Updates from Eric
'Yes' vote for Wyoming roads won't add to taxes
BY MICHELLE MIRON
Editor, Forest Lake Lowdown
WYOMING — Wyoming is attempting once again to address needed street replacements by asking voters for permission to use an already established street fund to pay of $3.03 million in general obligation bonds.
In spite of confusing wording on the ballot, voting “yes” at the polls Nov. 4 will not mean another tax increase for Wyoming residents. As of 2012 residents are already being taxed $500,000 annually for such projects; voting yes will simply allow the city to use that money to pay of $3.03 million in bonds the city wishes to issue for street improvements and other projects.
The city already has the power to use the street fund without voter approval, according to Mayor Eric Peterson. But because it could not come to a unanimous decision to do so (the vote was 4-1, Councilwoman Linda Nanko-Yeager opposed) the question is going to the polls.
Voting yes would effectively fund needed street replacement throughout the city — and related debt service — without further assessing property owners unless the replacement includes additional improvements like curb and gutter or sidewalks.
If residents vote down the proposal, Peterson said the city will issue the bonds anyway and move forward with street replacement, but assess home and business owners for a share of improvements adjacent to their properties. If that happens, Peterson said the city may assess by parcel instead of street frontage at a cost of about $1,900 per parcel, or a minimum 20 percent of the total improvement cost.
He cautioned the assessment scenario has the potential to turn “ugly” as the improvements progress from easier areas with a natural sand base, more property owners and smaller lot sizes to more challenging construction areas with larger lots and fewer homes. In those areas, cost-per owner would be higher.
Assessments could also prove problematic if contested by residents, he noted, since the city may be required to prove the improvements will increase given property values by at least the assessment amount.
“That can sometimes be difficult, depending on the area, and especially during a time when property values are decreasing,” he said.
“The way this vote goes will most likely determine how street replacements are funded in the future. If this referendum succeeds and no assessments are issued, any attempt at assessing future projects would be met with great resistance in the next neighborhoods selected for replacement. On the flip side, if this referendum fails, any attempt to replace future streets without assessments would be met with the same resistance from the property owners already being assessed. It will set precedent.”
A similar referendum request in August, voted down by 60 percent of voters (549-362), sought approval to use the street replacement account to pay of a proposed $2.78 million in bonds. Peterson said he believes many voters misunderstood the question and thought checking “yes” would again raise their taxes.
“The day atfer the referendum, the city received numerous phone calls from people who realized that they voted wrong,” he noted. “Timing was bad ... it being an off election year and an unusual date, August. The state-mandated verbiage … combined with a last-minute mailing from some opposition caused great confusion.”
Either way, turning down the question this summer caused a year-long delay in some 5.5 miles of street replacements that Peterson said cost the city an estimated $200,000 because the economy has since improved and construction costs have risen.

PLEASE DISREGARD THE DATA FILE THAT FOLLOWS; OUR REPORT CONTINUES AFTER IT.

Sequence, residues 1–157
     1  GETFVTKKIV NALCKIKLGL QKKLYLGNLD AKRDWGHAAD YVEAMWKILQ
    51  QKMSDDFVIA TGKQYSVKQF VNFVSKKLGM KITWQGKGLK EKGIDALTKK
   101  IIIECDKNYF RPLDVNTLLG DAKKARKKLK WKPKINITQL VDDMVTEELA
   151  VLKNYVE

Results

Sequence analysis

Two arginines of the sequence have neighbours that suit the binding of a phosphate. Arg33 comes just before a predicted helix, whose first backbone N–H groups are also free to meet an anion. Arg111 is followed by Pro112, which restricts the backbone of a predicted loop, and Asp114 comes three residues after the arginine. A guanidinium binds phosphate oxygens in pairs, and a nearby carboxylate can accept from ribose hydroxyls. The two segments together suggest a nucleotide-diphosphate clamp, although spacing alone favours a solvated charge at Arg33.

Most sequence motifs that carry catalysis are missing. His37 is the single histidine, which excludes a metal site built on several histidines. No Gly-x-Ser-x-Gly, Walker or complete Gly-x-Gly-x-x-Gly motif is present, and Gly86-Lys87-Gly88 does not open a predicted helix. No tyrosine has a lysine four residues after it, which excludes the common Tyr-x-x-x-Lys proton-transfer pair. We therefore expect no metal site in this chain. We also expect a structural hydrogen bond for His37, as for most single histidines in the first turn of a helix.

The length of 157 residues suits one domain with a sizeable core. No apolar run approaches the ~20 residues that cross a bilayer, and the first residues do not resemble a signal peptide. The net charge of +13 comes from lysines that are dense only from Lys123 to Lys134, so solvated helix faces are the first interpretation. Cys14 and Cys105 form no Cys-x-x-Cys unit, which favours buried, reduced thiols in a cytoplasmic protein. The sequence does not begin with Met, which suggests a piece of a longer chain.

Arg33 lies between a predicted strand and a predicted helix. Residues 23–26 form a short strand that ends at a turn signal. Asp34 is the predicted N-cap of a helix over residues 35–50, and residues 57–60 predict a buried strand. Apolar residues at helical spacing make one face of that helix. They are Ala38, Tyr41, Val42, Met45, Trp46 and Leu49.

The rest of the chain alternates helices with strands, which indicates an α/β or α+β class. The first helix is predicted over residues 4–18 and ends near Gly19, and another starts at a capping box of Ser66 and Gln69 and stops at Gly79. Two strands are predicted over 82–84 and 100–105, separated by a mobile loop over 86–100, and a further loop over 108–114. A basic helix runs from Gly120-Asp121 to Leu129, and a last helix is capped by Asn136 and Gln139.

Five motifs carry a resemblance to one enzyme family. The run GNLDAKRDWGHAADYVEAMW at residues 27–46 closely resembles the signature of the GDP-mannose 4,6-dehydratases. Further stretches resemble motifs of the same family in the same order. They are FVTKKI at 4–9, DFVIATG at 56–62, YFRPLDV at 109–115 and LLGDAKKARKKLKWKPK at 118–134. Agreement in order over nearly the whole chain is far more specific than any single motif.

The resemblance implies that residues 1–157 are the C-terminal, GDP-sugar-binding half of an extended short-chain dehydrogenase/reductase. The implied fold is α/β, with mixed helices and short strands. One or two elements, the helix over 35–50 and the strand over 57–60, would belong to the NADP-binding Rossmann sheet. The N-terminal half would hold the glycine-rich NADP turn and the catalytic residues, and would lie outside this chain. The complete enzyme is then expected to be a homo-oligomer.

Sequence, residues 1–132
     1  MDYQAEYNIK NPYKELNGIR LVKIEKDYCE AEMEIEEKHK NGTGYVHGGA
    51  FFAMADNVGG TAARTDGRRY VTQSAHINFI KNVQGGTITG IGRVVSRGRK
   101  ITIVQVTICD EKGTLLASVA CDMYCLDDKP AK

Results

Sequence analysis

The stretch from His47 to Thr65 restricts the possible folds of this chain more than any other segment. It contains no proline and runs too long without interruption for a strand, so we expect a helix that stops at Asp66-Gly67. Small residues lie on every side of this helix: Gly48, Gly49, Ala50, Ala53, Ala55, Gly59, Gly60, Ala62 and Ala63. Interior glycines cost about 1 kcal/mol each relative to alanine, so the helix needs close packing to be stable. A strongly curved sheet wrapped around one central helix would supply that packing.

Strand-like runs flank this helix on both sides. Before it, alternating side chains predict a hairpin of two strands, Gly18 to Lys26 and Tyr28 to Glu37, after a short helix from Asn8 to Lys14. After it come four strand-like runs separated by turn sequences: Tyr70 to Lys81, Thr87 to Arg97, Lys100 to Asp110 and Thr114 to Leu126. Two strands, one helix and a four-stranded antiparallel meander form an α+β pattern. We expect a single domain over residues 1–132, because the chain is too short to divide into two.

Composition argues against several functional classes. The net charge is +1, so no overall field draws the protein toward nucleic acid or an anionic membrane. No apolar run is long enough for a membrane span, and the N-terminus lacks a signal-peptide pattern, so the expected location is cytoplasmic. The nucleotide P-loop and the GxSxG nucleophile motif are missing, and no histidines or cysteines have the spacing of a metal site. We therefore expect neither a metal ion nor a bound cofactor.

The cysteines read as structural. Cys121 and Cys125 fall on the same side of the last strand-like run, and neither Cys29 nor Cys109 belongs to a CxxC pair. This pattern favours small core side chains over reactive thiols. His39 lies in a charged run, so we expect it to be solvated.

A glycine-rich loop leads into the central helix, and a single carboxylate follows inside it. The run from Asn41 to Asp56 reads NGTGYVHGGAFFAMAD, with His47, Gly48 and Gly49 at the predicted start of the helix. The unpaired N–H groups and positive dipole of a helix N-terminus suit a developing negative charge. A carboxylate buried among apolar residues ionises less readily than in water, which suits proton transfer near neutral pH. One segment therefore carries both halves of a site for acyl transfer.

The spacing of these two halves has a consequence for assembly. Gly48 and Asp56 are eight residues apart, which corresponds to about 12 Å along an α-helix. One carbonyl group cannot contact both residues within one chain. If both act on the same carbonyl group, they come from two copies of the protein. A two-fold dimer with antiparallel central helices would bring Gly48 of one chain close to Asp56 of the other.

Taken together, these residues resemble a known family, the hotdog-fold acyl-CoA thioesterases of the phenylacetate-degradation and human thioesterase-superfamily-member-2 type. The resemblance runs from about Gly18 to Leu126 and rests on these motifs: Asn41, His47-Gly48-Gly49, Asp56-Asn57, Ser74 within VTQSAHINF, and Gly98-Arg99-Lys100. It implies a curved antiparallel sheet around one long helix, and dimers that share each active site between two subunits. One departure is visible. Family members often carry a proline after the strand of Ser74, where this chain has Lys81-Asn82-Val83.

He said streets throughout older portions of the city are in dire need of replacement.
“Most were paved in the 1970s and have never been replaced,” he noted. “Borings done indicate many areas only have an inch and a quarter of asphalt.”
Especially deficient areas, he said, include a neighborhood west of I-35 built on swampy land; downtown and the blocks east; the Railroad Boulevard area to the northeast of downtown; neighborhoods just south of County Rd. 22 back to 261st Street and east to Glen Oak Drive; and the neighborhood on the west side of the freeway from 264th through 261st streets.
Because the city didn't establish a street replacement fund until 2012, he said the city has lately been patching potholes at a rate of about 10 tons of asphalt a week.
The city has another fund established for routine repairs like sealcoating and pothole
repair, which is different from street replacement.
“Maintaining substandard pavementsis disproportionately expensive,” he observed.
Peterson said residents upset that the city didn't start to fund street replacements earlier have a legitimate gripe. “Quite frankly, this probably should have been started 25 years ago,” he said.
Ways other area cities have funded street improvements include placing the entire burden on property owners; adjusting the levy; and using alternate funding sources such as special taxes or franchise fees, he said. Individual assessments elsewhere have ranged from 20 percent to 100 percent.
Peterson said Wyoming's bond question Nov. 4 is based on a program implemented in Shoreview since 1984.
“It's an ongoing program that will never end,” he said. “For 30 years Shoreview has replaced existing streets without assessing homeowners. City Administrator Terry Schwerm shared with me that in all the years since Shoreview implemented its street replacement program, no council member has ever voted against bonding for a street replacement project. They all know it works.”
Peterson said state law requires wording of the Nov. 4 ballot question, which reads as follows even though a tax increase is not applicable under Wyoming's circumstances: “By voting ‘Yes’ on this ballot question, you are voting for a property tax increase.”